And when you wake up, the pain is new again and you cry and moan and wonder WHY?!? and you are right back where you started.  It doesn't matter if it's been twenty years or two days.  The pain is so close to the surface that a word or smell or angle of sunlight can dissolve you into a useless mess.

And you cry.

And when your tears dry, you realize that life is not about happy or sad.  

Life is a series of moments.  Your moment of joy comes at the same time as another's moment of sorrow.  Your sun shines, while for another, it is darkest, coldest winter. 

Your moment of sorrow will not last, nor will it ever disappear.  

And it will catch you again and again, but so too will the joy.

And you pick yourself up.  And you hold those close to you.  And you remember that you need to live and cherish and love.

Because what would be the point of not?  

Because your dear departed wants you to live to love another day.  

Because you are meant to be happy; not every second, but overall.  

Because you are meant to do great things.

Because your capacity for agony reflects your capacity for joy and the world needs your joy.

Because you are not done.

Because there will be another moment worth the struggle.

Wednesday, June 5, 2013

The Unwelcome Teacher

We all have them.  

They come in many forms:  a layoff from a job, an illness, some other life event that makes us question the big picture, or in the form of a person.

Mine comes in the shape of a relative that I used to be very close with. Her particular brand of attack is a constant, thinly veiled hint that my soul is in danger.  She feels that because I have not accepted Jesus Christ as my savior, that I am going to Hell.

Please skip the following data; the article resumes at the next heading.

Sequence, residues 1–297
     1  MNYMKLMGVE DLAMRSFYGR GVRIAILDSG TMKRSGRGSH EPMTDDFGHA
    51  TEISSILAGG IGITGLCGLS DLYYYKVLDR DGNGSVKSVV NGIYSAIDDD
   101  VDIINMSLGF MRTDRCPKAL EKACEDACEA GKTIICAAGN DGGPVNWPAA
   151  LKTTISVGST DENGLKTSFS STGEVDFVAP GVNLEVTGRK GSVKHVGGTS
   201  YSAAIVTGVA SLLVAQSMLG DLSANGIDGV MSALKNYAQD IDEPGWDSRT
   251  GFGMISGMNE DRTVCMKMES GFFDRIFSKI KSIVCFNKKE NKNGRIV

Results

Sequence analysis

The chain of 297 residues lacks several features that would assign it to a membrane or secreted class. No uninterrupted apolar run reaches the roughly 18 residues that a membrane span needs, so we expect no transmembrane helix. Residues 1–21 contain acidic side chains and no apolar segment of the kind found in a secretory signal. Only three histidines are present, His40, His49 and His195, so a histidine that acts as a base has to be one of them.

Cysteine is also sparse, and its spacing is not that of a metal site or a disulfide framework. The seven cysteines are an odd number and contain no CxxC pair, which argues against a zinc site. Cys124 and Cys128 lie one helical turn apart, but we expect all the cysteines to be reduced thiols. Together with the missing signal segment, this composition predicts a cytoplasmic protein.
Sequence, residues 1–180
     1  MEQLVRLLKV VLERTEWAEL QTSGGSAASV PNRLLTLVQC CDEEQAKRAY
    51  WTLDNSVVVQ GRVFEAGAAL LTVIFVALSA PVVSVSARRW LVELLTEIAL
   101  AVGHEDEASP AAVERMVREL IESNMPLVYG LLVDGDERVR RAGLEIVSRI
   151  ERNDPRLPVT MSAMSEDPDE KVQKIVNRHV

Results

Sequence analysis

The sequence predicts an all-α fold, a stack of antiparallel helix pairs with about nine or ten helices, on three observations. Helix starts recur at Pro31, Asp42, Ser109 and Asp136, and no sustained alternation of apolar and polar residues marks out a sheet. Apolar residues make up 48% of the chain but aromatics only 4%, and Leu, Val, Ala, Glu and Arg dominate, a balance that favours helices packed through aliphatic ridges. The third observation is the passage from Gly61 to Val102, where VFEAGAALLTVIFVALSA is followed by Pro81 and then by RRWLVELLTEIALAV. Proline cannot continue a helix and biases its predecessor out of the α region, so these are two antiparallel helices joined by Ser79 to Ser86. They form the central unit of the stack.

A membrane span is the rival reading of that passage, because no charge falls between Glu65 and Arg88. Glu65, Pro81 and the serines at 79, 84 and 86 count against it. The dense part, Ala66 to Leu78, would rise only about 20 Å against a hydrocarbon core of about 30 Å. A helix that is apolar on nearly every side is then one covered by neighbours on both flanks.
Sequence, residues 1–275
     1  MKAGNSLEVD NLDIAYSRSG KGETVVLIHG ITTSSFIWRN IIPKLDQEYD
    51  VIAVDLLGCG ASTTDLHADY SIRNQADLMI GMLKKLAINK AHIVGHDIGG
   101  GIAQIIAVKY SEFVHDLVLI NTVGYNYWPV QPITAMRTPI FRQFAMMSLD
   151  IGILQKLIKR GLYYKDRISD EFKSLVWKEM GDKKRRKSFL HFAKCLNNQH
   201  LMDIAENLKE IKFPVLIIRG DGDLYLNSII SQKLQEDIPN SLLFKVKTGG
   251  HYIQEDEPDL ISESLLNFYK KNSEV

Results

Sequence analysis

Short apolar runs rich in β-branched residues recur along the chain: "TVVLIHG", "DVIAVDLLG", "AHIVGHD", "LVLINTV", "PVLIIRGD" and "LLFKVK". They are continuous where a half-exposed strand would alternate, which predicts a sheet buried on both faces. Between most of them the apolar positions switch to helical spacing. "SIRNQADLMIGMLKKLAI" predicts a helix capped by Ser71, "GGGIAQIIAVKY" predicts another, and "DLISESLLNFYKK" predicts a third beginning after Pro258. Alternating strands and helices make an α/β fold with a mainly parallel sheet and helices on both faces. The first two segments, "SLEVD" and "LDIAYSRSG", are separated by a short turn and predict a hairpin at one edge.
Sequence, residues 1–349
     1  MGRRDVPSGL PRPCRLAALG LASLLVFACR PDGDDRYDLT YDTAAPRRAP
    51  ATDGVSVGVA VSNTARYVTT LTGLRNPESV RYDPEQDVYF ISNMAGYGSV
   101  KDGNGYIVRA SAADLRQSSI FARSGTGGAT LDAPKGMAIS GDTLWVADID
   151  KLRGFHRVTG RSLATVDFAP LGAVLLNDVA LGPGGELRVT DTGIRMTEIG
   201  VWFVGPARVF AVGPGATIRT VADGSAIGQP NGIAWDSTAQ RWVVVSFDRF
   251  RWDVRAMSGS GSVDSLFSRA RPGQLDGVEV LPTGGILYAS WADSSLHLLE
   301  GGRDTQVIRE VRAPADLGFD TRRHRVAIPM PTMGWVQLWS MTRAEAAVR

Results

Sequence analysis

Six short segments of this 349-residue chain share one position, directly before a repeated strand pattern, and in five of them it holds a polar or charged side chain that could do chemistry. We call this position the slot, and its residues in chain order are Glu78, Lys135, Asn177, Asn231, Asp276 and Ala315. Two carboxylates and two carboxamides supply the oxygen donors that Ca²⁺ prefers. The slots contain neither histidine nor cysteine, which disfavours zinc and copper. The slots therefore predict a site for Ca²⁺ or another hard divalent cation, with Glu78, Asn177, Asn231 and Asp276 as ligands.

There are so many problems with this, not the least of which is the fact that I don't believe in Hell.

No matter how many times I asked her to stop, the bombardment continued.  I began asking less nicely, than less, until I became downright hostile.  

Kinda like this:

Damn, I love Phil...

It's kind of funny, but, then it isn't.  I've lost someone close to me because she couldn't see that she was making me hostile with her words.  She would not hear me when I said that I would no longer speak to her if she continued. It got to the point that I was getting so angry over it, that I was turning into the exact kind of person that I imagined she thought I was.

It made me angry that she could not just accept me as I was; flawed like anyone else, but overall, a good person.  I hold no malice for anyone, I am active in fighting for justice, I volunteer, I help those in need.  I don't ask for praise or even acknowledgement of these things, I just ask that you overlook my shortcomings (however you perceive them) and see the good.

As I am writing this, I am realizing that I am asking of you (and that judgey relative) what I cannot do for myself.  I guess I am having an epiphany of sorts.  What I mean is that I am the harshest, judgiest, meanest, least tolerant of my flaws.  If I can't see my inherent good, how can I ask anyone else to see it?  If all I see when I look in the mirror is a middle aged, chunky failure, why should I expect anyone else to see me differently?

The biggest and most wonderful irony is that those who truly love me (not just my soul), see my beauty and my goodness and my charity and my passion and my authentic self.  They see what I am begging myself to become.  They see that I am already that person.  

See yourself through a loved one's eyes.  See yourself as you see them; perfect because you love them.  We don't love others despite their flaws, we love them because we don't dwell on their flaws.  We dwell on what makes them beautiful to us.

So, to my unwelcome teacher, thank you.  You have made me realize that in wanting to change me, you only want to change yourself.  I may be a disappointment to you, but to those that matter, I am perfectly imperfect and worthy of love without judgment.  

I am blessed without your blessing.